We’ve proven time and time again how the following best practices and five-step approach can get you to Zero Trust.

  • Step 1: Passively detect and identify all known, unknown, and prohibited devices without disruption or adverse effects to operations. Ordr’s agentless deployment delivers device inventory and categorization within hours of deployment, and augments device context with additional network data and threat intelligence
  • Step 2: Identify devices at-risk to reduce the attack surface. Ordr offers an integrated intrusion detection engine and integration with threat intelligence services, vulnerability management tools, and manufacturing databases to pinpoint the devices that are most likely to be targeted by attackers. By addressing known vulnerabilities, taking prohibited devices offline, or segmenting mission-critical devices, federal agencies can start to reduce their attack surface.
  • Step 3:  Map and baseline communications patterns for every device. Every device has deterministic functions. Ordr can profile and baseline device behavior using machine learning to reveal and alert to the presence of anomalous communications.
  • Step 4: Apply appropriate Zero Trust security policies on devices. Ordr offers proactive, reactive, and retrospective policies. Ordr Zero Trust segmentation policies can be proactively and automatically (yes this means with a push of a button and without manual effort) created for devices, to only allow communications required for their functions. Ordr reactive policies applied on firewalls, NACs, and switches immediately limit exposure and mitigate risks by blocking traffic, terminating sessions, or isolating compromised devices. Finally, Ordr retrospective policies enable a time-machine view of infected devices communicating to newly announced indicators of compromise.
  • Step 5: Finally, federal agencies need to continuously monitor the network to identify new devices that connect, detect indicators of compromise in operation, and automatically enforce security policies when risks are detected.

(For more details, check out our whitepaper “5 Steps to Zero Trust” here.)

Success Within Reach

Given the size and scope of the U.S. federal government’s combined IT infrastructure, it may seem that the goals articulated by the White House and CISA are unrealistic within the given timeline. In fact, where accounting for and reining-in a massive device inventory is concerned, success is well within reach. Ordr is already deployed within many federal agencies where a Zero Trust device posture is in effect. We’ve proven ourselves in many environments—such as healthcare, financial services, retail, manufacturing, and more—where device security is a priority for protecting critical infrastructure and maintaining operations.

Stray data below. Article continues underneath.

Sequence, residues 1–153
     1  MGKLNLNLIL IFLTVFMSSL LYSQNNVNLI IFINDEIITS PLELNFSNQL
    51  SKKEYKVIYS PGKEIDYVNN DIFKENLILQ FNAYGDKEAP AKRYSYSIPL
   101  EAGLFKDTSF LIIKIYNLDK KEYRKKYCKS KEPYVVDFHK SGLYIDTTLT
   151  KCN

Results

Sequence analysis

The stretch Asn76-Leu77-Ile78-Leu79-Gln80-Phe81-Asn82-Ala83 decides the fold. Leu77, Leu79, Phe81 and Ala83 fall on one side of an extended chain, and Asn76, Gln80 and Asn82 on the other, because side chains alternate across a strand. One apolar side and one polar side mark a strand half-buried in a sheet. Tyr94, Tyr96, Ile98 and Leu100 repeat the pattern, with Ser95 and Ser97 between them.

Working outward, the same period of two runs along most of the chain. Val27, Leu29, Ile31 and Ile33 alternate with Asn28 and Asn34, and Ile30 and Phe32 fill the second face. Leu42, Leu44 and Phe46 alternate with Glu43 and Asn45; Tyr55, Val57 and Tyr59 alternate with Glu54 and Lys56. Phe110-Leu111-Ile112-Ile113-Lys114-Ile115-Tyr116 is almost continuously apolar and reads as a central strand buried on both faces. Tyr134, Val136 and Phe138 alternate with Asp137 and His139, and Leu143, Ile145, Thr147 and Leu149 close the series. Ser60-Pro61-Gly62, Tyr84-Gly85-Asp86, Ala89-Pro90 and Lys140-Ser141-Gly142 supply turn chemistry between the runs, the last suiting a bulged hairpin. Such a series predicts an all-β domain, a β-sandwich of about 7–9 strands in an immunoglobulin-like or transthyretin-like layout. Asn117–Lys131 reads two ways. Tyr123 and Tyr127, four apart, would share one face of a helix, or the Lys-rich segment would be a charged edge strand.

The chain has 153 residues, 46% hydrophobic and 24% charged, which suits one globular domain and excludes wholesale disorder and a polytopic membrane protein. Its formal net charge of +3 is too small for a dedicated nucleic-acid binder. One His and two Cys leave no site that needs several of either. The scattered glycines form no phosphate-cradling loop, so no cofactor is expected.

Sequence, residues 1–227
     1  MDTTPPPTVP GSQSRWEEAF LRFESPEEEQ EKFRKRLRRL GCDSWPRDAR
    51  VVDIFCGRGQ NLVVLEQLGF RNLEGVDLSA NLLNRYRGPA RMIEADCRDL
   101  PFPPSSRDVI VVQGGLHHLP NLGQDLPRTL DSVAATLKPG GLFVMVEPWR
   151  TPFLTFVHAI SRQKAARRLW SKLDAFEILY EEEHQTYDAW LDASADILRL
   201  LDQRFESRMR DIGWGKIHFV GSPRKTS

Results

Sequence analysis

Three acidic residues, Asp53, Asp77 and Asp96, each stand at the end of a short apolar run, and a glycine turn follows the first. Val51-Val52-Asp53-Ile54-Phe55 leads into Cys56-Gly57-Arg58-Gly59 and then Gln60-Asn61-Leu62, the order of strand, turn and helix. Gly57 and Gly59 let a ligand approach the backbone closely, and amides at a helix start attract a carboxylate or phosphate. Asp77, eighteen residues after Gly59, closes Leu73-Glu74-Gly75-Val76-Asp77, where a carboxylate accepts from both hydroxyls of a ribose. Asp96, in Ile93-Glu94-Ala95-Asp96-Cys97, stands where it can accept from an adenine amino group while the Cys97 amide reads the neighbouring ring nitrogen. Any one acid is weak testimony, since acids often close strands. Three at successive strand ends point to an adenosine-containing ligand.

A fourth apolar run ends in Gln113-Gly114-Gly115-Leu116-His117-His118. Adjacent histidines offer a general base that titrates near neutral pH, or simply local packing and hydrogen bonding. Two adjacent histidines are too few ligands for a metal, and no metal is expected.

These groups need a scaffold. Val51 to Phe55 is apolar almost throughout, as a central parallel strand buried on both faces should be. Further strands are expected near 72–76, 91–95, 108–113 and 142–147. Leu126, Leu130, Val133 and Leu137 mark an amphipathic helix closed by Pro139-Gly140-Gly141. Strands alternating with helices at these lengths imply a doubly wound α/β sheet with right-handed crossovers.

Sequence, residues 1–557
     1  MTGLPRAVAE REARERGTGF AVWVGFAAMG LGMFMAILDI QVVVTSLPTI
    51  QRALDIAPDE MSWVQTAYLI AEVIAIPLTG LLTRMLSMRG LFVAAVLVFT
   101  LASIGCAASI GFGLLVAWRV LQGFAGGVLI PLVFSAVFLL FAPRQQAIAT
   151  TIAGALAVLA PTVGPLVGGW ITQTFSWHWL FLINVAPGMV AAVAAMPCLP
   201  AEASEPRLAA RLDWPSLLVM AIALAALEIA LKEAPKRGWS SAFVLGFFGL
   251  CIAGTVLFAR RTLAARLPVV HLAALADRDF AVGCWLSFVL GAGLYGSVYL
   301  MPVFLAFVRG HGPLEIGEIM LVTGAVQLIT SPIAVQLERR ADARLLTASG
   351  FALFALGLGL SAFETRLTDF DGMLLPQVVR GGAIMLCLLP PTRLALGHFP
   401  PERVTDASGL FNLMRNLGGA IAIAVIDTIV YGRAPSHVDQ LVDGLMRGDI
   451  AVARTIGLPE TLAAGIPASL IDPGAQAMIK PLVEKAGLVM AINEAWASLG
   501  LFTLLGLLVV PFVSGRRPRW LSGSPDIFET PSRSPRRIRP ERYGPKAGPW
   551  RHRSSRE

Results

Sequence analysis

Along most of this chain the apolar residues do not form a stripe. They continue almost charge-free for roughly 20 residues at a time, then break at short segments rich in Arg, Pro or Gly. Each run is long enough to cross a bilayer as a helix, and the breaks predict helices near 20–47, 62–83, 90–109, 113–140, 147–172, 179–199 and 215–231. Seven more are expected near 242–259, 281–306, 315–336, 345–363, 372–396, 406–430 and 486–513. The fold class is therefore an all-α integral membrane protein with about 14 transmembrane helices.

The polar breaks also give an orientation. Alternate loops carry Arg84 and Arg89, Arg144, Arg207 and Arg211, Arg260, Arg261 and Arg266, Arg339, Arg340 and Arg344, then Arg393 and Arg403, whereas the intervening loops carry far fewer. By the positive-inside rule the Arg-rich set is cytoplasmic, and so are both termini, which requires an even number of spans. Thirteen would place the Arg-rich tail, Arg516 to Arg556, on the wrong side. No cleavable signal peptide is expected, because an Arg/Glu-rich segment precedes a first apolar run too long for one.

Ordr is proud to be leading the way in this priority initiative to improve national cybersecurity. And with a simple demonstration we can show your agency or organization how you can identify, inventory, assess, and protect your connected devices within minutes. Contact us at info@ordr.net.


Zero Trust has emerged in the past ten years as the foundational approach to cybersecurity for many organizations. As the name implies, Zero Trust is about removing the presumption of trust for all users, i.e. “never trust, always verify”. Instead of a one-time access decision, trust is continuously addressed and evaluated, and access is limited to least privilege.

While the Zero Trust concept is fairly mature, its application to IoT and unmanaged devices is relatively new, but growing.

New research from EMA points to IoT as one of the top drivers for enterprise interest and investment in zero-trust networking (46% of enterprises).

Figure 1: Technical initiatives that are driving interest in Zero Trust networking

The EMA report, “Enterprise Zero Trust Networking Strategies: Secure Remote Access and Network Segmentation” based on a survey of 252 enterprise technology professionals, discovered the following:

  • IoT drove healthcare, manufacturing, and professional IT services companies towards Zero Trust networking, while software and retail companies were the least influenced by IoT.
  • IoT and other unmanaged devices present a challenge to Zero Trust networking policy design because they have no users associated with them and require an alternative way to authenticate connection requests. 38% of enterprises surveyed create tailored access privileges based on the functions and characteristics of individual devices or classes of devices. This means that 64% of enterprises establish generic access for all devices or devices are untrusted with limited access, or are untrusted and banned from the corporate network.
  • Establishing a generic, minimum level of access privilege for IoT and unmanaged devices, such as an IoT VLAN, is popular among government agencies (50%) and healthcare organizations (55%). However, this strategy isn’t ideal as risks can differ even among a set of similar IoT devices based on behavior, vulnerabilities, manufacturer.
  • The most important parameters for determining access privileges of unmanaged devices were cited as security status, device vulnerability and risks, owner of the device, and observed network behavior. This makes sense so that enterprises can use tailored policies and place devices in the right “trusted” areas of the environment.
  • Enterprises are more likely to succeed with tailored policies for unmanaged devices if they formed a Zero Trust networking taskforce rather than relying on formal partnerships between network and security teams.
  • Identifying and segregating IoT and other unmanaged devices is a top priority for healthcare organizations (55%). This is not a big surprise given the vast numbers of sensors, scanners, and other medical equipment that connect to networks in clinics, hospitals, and laboratories.